Question: What can parents do to be less overbearing?
Lenore Skenazy: You can leave your cell phone at home and so you sort of wean yourself off of the idea that you must be constantly available to your child and vice versa, your child must be constantly reachable by you. Another tip I give in my book is simply, one of those hours that you’re gonna watch "CSI" with a body dredged out of the swamp, or "Law & Order" with the girl dragged off the street, turn off the TV and spend that hour outside. You know, walking around your neighborhood, preferable with your kid, to remind yourself that you live in the neighborhood, that’s where you live. You don’t live in "Law & Order"-ville and "CSI"-ville. And in fact, I started a correspondence with a guy who started writing on my Web site, who lives in a neighborhood, a nice, quiet Brooklyn neighborhood, where they’re always filming "Law & Order" and it’s so ironic because he loves his neighborhood, 'cause it’s nice and quiet and safe, but if you ever saw it on "Law & Order," you’d think that there’s a murder every week. So remind yourself about the real world, and also it’s safer. The more people you meet, the more neighbors you know, the more familiar you and your kid are to the neighborhood, everybody’s safer and connected. A lot of the "Free Range" message is about creating the community we think was lost. Well, it’s lost if you don’t go out there, but if you do go out there, you can connect again.
And that’s why one of the sort of offbeat ideas I also give, tip number three is, when you’re someplace with a bunch of parents, each of them hovering over their own child, the school gate hasn’t opened yet or soccer practice is about to start in maybe five minutes, or you’re at the bus stop, because a lot of parents now drive their children to the bus stop and wait for the bus to come because they’re so afraid of what might happen in that five minutes. When you’re with a lot of parents, turn to them and say, “You know what? I’ll watch them. I’ll watch your kids.” It’s this mind-blowing idea, because what you’re saying is two things at once. One is that we don’t all need to be here. We don’t think that wild banshees are coming, there’s not a twister in the distance that we’re all gonna have to save our kids from. I think one adult can watch over all these children and they’ll be okay. And what you’re also saying is, “I don’t think it’s a horrible burden for me to watch your kids.”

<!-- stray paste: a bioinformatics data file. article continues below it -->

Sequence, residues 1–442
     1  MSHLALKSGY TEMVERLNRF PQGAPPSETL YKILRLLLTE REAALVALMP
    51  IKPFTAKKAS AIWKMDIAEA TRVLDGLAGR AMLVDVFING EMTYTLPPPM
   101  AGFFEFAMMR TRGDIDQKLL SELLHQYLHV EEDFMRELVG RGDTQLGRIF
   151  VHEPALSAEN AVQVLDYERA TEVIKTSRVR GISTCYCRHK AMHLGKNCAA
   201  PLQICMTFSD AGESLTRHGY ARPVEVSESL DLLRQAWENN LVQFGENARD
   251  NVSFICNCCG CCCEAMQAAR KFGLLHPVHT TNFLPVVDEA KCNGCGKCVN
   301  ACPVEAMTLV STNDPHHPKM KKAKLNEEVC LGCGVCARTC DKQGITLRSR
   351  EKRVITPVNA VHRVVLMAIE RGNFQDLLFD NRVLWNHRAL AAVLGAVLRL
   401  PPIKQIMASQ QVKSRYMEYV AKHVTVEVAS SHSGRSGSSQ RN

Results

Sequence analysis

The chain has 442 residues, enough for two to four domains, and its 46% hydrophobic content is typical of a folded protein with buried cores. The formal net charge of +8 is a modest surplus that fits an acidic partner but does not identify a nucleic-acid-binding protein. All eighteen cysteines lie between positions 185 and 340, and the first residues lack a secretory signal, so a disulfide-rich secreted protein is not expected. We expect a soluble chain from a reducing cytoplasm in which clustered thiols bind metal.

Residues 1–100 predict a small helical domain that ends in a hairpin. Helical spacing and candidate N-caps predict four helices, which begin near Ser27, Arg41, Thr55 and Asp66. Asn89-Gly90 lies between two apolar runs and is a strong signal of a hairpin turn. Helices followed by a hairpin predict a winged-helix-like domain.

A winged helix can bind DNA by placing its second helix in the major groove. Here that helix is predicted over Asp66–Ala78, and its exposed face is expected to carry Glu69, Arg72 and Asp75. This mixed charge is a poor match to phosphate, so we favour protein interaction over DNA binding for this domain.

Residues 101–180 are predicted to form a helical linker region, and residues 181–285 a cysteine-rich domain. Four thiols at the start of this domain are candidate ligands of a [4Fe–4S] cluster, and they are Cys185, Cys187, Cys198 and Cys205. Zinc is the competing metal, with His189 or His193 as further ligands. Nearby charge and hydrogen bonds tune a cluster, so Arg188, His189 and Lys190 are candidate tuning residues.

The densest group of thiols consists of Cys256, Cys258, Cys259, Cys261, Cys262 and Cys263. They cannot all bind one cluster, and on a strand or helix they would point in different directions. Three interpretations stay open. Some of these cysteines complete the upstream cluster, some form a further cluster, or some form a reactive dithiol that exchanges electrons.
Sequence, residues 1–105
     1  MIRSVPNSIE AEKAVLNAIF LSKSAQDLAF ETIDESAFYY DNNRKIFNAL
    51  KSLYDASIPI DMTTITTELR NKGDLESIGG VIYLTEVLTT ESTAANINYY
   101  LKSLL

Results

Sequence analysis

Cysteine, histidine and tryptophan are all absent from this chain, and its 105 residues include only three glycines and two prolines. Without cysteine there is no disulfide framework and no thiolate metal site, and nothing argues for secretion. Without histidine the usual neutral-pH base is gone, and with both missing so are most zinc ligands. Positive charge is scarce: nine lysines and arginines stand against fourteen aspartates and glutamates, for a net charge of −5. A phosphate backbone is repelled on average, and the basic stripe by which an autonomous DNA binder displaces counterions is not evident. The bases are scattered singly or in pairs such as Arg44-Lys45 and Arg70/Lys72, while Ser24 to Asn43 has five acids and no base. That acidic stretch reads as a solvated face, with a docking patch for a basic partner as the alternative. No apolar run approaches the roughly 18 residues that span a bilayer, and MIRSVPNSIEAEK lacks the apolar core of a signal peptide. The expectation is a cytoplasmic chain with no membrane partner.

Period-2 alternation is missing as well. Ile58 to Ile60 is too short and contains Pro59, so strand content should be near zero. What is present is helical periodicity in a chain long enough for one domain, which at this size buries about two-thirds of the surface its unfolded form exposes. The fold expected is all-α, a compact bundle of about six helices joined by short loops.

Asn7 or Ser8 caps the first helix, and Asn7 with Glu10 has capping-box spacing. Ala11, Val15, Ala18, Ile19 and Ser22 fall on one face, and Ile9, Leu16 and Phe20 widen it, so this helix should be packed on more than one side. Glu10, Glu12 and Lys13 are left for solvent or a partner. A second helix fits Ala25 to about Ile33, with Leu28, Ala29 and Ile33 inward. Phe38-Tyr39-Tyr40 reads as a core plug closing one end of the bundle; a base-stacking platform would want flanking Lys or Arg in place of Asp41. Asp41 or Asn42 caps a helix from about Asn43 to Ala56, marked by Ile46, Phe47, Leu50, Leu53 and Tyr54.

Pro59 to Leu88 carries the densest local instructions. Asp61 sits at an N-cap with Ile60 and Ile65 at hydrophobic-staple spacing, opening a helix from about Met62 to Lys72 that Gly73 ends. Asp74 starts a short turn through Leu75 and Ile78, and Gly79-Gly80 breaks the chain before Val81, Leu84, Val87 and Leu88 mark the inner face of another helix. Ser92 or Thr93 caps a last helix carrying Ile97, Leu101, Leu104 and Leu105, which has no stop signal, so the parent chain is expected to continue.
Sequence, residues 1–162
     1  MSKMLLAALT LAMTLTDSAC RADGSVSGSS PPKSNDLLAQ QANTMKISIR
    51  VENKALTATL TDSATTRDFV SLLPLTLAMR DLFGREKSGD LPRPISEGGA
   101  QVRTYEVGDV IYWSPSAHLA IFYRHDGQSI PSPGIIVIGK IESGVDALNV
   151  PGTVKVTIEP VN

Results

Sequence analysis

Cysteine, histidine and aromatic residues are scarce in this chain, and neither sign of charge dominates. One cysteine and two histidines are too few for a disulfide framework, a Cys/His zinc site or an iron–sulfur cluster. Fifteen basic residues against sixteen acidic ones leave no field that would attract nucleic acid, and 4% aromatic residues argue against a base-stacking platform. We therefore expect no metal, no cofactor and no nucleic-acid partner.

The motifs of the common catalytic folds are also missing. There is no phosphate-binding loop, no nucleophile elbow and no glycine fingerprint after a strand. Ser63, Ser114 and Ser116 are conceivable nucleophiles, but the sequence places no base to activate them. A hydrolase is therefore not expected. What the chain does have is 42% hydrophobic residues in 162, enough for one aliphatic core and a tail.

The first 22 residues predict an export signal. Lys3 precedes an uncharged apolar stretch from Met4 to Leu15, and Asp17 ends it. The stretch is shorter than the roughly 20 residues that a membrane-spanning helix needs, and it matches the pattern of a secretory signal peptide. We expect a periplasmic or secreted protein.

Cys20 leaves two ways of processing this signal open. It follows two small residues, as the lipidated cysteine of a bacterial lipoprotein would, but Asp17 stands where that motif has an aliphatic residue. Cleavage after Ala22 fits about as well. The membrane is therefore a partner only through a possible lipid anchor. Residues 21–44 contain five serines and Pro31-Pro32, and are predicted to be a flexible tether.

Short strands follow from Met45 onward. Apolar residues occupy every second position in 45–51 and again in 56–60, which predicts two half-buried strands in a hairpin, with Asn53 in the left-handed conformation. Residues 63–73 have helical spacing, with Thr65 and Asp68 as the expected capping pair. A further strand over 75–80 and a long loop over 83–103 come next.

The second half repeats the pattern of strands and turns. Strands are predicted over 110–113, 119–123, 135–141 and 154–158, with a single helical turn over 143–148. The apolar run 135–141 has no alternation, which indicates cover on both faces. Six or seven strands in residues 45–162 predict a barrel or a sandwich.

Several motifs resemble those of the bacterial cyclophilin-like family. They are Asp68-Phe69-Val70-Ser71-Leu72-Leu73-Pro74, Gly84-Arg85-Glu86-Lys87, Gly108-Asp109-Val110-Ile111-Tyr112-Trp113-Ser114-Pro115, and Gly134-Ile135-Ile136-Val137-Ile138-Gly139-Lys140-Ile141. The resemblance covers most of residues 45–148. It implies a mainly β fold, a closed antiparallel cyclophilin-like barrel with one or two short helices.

So many times, one of the things that we’re worried about is I don’t want to impose on anyone. If I’m at the park, I don’t want to ask another lady to watch my kids while I go to the car and get the sippy cups, because that’s too much. It’s good to ask favors of each other and to offer favors. So you offer the favor, and then if no parent takes you up on it, you say, “OK, well, listen, Mary is staying here and I’m going off to work.” And then you say, “I know she’ll be safe with you guys.” So either way, you are almost aggressively saying, "I trust you, I trust this neighborhood. I trust my child not to run into the street." And when you start reminding people that this is what people used to do, I think they used to watch out for each other, I think in a lot of other countries, people still do this. Maybe we can re-knit the kind of community that we all long to live in, and that we all feel is safer for our kids.
Recorded August 17, 2010
Interviewed by Andrew Dermont